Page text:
Here Zizek pauses to highlight that this is what happens to us when we notice the very small difference in another human creature. The different shape of the eye, the different colour of the skin, the ease with an incomprehensible language.  These very small differences appear so large to us as to render the bearer of them an alien to us, and therefore to be looked upon with suspicion.  No matter how much these other behave like us, the small feature that renders them “different” makes us focus on them being different.

We are told to distinguish here between the l’objet petit  a as the cause of desire and the object of desire. The object of desire is simply the desired object. The cause of desire is the feature that has triggered the desire. Some detail about the face, an eye colour or a tic or something of which we are usually unaware, and will in fact often misperceive as an obstacle is actually the trigger for our desire.  This differentiation helps us to understand what Freud means  when he says the melancholic is not aware of what he has lost in the lost object.  Rather than having lost the object itself, rather he has lost the desire for the object in obtaining it. Melancholy occurs when we finally get the desired object, but are disappointed with it. (A classic example of this occurs in sex all the time. Often desire is strongest when it is unfulfilled)

Zizek goes on to explain that because of this, melancholy (disappointment with all positive, empirical objects, none of which can satisfy our desire) is the beginning of philosophy.  Zizek cites the example of a man living in one place all his life who is scared to move. He is saddened by the prospect of a new environment. However, what is it that is really making him sad?  It is not the prospect of leaving the place he has for years called his home, it is the much more subtle fear of losing his attachment to the place. I know that I will be happy in the new environment with the new friends and that this old life will soon be forgotten and that is what I cannot bear. I had this experience myself in my divorce. I was terrified that all the work I had put into the marriage for ten years would actually have meant very little in my life. It was not so much my husband that I was scared of letting go of. It was the meaning I had placed on the marriage.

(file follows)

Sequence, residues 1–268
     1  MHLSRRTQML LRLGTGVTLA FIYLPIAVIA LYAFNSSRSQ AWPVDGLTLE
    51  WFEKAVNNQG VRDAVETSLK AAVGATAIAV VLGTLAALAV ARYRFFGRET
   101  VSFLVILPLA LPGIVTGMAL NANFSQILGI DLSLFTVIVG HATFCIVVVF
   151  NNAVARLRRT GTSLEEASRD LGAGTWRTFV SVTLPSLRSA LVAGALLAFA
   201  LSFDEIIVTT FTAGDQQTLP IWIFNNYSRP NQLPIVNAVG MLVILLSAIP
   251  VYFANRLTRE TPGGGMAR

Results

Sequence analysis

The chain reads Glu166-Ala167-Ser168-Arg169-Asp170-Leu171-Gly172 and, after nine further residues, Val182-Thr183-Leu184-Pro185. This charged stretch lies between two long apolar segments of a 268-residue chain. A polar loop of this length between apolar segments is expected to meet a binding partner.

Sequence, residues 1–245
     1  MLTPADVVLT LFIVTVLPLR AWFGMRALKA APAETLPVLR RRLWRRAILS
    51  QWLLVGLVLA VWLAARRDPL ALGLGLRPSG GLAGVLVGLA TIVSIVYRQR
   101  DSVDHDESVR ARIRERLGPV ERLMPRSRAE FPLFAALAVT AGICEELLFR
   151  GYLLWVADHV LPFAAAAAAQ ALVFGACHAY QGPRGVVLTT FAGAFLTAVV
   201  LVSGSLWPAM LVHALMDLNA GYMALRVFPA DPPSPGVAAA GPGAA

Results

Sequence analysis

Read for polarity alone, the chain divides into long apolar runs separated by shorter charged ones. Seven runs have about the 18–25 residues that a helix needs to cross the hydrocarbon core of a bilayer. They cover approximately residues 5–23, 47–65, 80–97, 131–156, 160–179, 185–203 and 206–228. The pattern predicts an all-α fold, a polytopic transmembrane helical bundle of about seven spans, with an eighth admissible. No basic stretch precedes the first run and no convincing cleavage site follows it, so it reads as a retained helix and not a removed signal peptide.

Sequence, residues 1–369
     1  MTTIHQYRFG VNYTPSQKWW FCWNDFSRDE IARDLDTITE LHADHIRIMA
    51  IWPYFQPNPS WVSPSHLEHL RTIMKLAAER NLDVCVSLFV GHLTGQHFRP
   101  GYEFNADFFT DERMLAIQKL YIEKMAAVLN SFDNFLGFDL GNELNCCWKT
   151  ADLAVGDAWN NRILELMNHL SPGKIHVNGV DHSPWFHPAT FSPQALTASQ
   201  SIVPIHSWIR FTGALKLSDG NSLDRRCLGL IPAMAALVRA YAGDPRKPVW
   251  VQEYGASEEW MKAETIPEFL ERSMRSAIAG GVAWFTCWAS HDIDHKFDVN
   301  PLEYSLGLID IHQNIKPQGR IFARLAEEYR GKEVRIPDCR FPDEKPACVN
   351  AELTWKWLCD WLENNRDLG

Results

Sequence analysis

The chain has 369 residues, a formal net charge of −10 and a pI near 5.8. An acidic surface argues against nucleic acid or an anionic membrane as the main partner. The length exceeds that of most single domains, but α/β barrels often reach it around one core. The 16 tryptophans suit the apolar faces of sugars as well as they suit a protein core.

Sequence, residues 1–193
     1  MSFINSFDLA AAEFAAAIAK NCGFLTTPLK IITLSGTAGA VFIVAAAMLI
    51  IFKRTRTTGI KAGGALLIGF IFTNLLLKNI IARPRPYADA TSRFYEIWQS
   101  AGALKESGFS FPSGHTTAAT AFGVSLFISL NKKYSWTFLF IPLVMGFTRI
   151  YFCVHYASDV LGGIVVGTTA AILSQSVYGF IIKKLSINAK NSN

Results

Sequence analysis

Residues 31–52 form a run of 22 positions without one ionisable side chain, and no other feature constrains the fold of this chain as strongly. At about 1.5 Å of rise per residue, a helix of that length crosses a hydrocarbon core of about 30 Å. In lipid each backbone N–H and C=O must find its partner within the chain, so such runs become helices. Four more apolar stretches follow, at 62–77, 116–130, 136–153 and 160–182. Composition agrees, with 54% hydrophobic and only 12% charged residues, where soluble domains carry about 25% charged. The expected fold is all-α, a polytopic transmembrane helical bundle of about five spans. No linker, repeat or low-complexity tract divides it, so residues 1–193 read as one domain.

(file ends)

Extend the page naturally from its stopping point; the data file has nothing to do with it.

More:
The status of this object-cause of desire is that of an anamorphosis. A Part of the picture which, looked at from straight in front appears as a meaningless blotch but takes on contours of a known object when we shift our position and look at the picture from an angle. However, Lacan is even more radical than this perception of reality. Lacan will tell us that the object-cause of desire is something that does not exist when viewed from the front.  It only acquires the contours of something when viewed on a slant.  Objet a: is the strange object that is nothing but the inscription of he subject itself in the field of objects, in the guise of a blotch that takes shape only when part of this field is anamorphically distorted by the subjects desire.

We might stop this post there. I think you’re rather amazing to have stayed with me this long… this is not easy stuff. Of course a reminder, none of this is my writing. This is condensed version of Zizek’s book How to read Lacan, which can be purchased here. I have quoted directly from this book and taken all the ideas shown in this post from this book. Please be clear, this is not my work. I am your partner in trying to puzzle it all out.